Multilingual Data Science. Part 1.

By Yanina Bellini Saibene, Natalia Morandeira

August 30, 2023

Language is a cognitive instrument; it is our vehicle for learning and building our world, and thus it can become a source of exclusion.

“Approximately 64% of Internet content is in English, although only 4.8% of the world’s population speaks English as a first language. If we consider Internet users, almost 3 in 4 cannot understand more than 60% of all web content.”¹

Data science affects many people’s lives globally. This practice uses technological tools developed under global open science, software, and education, but most resources are built and published exclusively in English.

“The predominant language of open source is English—in code, content, and community interactions—and English proficiency is a metric by which performance and personality can be judged.”²

English is the lingua franca for data science, creating a significant barrier for non-English speakers wanting to join the field: We are not allowed to participate if we can’t understand the language.³ The authors have experienced this barrier firsthand, as we both were born in a South American country where the official language is Spanish. Being able to access and use technology and data science is a necessity to adequately teach and research in our careers.

“The use of the English language [. . .] represents a significant trend in the history of programming language design.”⁴

So, what actions can we take when faced with such a situation? We can use our privileges to change it, and that is where community-driven translations come into play. Community Path

Translations function as substitutes for original texts. You use them in place of a work written in a language you cannot read5 or that you have difficulties reading; even if you have proficiency in a second language, learning in a foreign language increases your cognitive load. Translations are one of the efforts we can undertake to create a more diverse field of data science. We know that voluntary and collaborative content creation is possible. Open-source software and Wikipedia are great examples of how each person can do their bit. The primary advantage of working collaboratively is distributing the work (hopefully) among a diverse set of people.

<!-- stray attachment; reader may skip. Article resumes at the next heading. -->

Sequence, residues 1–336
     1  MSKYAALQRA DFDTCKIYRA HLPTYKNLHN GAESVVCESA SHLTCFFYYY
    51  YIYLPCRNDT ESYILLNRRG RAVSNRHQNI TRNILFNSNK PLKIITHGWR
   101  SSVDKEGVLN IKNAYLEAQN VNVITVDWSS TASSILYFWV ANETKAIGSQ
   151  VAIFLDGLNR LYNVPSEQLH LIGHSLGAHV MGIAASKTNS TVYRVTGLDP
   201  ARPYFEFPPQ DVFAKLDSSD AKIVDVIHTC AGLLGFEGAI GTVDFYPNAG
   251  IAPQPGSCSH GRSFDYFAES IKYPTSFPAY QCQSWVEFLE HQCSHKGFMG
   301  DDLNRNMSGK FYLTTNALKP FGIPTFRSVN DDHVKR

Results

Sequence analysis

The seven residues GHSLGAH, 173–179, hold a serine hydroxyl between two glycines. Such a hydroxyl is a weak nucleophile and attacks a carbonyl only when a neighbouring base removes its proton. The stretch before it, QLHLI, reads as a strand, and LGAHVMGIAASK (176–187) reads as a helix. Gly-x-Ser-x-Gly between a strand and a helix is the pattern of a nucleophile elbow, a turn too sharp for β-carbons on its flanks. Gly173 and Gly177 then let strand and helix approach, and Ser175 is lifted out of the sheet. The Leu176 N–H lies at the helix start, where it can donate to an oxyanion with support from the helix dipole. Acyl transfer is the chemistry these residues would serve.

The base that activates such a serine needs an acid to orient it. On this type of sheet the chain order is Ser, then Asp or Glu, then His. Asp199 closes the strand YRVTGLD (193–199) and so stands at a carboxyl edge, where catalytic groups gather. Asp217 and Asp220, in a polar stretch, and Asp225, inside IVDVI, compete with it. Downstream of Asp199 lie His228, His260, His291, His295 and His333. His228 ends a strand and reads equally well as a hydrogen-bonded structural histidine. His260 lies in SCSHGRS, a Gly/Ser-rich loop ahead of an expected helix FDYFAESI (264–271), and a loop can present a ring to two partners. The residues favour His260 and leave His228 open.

In 2017, R-Ladies’ Code of Conduct was translated into Spanish and Portuguese. In 2018, the Latin America R Community collectively translated the R for Data Science (R4DS) book into Spanish, including the packages datos (Spanish) and dados (Portuguese).6 Then, the community translated Teaching Tech Together (T3) and contributed to collectively translating Cheatsheets, The Carpentries’ lessons, and The Programming Historian lessons. The active and growing Spanish-speaking community drives rOpenSci ( to do its first Spanish-language code peer review and translate into Spanish the rOpenSci’s book on best practices for software development, code review, and contribution to open-source projects.⁷ The following ten tips summarise what we have learned in these community-driven translations from being coordinators, translators, reviewers, and editors of books and materials used by tens of thousands of people.

1. Motivation

Translating technical material of living documents is a long process with two well-defined stages involving different resources. The first is to achieve a full version of the translated material; the second is to keep the material updated and synchronised between the languages. The project’s type, goals, stage, motivation, and expectations should be clear from the start to have the best chance at success. Different motivation levels appear in collaborative translations:

  • Community Motivations: For example, making the material accessible to Latin American people and striving to use it in specific workshops.